API challenges EPA on California's Clean Cars II Rule

API challenges EPA on California’s Clean Cars II Rule

On August 25, 2022, the California Air Resources Board (CARB) approved the Advanced Clean Cars II regulation. The regulation is the most aggressive phase-out program for internal combustion engines in the United States, with 100% of new cars and light trucks sold in California required to be zero-emission by 2035. Beginning in 2026, sales of new zero-emission vehicles (ZEVs) and plug-in hybrid electric vehicles (PHEVs) must reach 35%, ramping up to 68% in 2030, before a total ban applies five years later.

The United States Environmental Protection Agency (EPA) is considering a request from the State of California for a Clean Air Act Waiver that would allow the adoption of the Advanced Clean Cars II regulation. Existing CARB standards are followed by 17 U.S. states and the District of Columbia, which accounts for 37% of new vehicle registrations. If approved, these states are most likely to adopt the revised policy.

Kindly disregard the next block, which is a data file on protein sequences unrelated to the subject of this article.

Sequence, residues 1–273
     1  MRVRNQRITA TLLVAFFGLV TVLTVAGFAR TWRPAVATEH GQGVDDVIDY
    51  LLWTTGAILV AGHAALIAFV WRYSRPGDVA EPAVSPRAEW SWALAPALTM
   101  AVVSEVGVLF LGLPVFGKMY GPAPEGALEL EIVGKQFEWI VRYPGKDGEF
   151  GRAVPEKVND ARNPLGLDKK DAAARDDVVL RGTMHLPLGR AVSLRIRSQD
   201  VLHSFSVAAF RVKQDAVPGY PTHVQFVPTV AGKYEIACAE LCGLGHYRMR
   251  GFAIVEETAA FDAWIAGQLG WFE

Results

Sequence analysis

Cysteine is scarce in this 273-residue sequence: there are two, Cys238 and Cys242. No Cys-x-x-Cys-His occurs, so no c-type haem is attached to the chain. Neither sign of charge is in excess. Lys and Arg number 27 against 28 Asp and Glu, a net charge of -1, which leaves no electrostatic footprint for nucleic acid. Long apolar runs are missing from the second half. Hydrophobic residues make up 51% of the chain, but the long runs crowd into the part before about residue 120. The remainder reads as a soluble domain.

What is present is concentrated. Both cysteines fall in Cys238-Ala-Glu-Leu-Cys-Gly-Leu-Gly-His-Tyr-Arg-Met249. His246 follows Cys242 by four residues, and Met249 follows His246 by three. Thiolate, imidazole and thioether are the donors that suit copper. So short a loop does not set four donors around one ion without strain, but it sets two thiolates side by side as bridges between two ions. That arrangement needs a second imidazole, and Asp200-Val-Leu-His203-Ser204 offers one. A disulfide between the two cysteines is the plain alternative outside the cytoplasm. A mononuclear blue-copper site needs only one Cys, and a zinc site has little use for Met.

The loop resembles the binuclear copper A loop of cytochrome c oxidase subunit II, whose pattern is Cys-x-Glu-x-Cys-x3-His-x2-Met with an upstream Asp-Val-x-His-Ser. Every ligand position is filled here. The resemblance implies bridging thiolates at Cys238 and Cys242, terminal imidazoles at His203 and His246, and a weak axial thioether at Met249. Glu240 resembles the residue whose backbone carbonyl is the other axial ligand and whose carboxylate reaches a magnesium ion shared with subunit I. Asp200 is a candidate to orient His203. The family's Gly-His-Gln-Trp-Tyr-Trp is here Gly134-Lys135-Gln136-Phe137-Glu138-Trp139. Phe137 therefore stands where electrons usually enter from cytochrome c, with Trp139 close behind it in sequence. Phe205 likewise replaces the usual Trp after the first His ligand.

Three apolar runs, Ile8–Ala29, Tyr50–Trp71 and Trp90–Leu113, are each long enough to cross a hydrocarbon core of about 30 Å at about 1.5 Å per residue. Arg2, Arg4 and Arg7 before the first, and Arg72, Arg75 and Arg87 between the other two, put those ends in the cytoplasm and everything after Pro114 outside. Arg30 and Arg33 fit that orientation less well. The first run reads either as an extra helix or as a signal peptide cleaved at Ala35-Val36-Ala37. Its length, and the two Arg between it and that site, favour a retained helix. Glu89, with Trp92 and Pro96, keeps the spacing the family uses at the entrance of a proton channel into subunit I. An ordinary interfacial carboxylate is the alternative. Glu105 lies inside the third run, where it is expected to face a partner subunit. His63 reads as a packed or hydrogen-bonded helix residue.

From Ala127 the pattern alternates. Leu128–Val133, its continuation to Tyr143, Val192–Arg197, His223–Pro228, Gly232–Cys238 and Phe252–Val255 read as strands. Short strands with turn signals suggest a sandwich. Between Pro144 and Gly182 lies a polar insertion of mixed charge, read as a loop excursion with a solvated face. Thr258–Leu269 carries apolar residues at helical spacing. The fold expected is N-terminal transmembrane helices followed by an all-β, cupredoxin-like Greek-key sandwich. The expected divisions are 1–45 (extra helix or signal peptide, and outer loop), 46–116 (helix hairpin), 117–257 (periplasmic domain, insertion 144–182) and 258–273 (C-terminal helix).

On February 27, 2024, the American Petroleum Institute (API) submitted comments to the EPA, imploring that the environmental agency reject the CARB request. API represents all segments of Americaโ€™s natural gas and oil industry and supports nearly 11 million U.S. jobs. 

In a statement, Will Hupman, API vice president of Downstream Policy, stressed that โ€œCaliforniaโ€™s outright ban on gasoline and diesel vehicles will restrict consumer choice, risk higher costs and force greater reliance on foreign supply chains.โ€  The administration should be focused on advancing a broad range of solutions to reduce transportation emissions, he says.  

API outlined several policy concerns and legal arguments relating to the request for a Clean Air Act Waiver. The trade association supports technology-neutral policies at the federal level and emphasised that vehicle greenhouse gas (GHG) regulations should be based on a technology-neutral assessment of lifecycle GHG emissions. In addition, infrastructure is not ready to meet the needs of the ACC II program, says API. 

Other API concerns are that CARBโ€™s ACC II program falls short of the need for reliable and affordable transportation options and consumer costs could increase while transportation tax revenue decreases. API also raised concerns about the reliability of critical mineral supply chains and its impact on national energy security.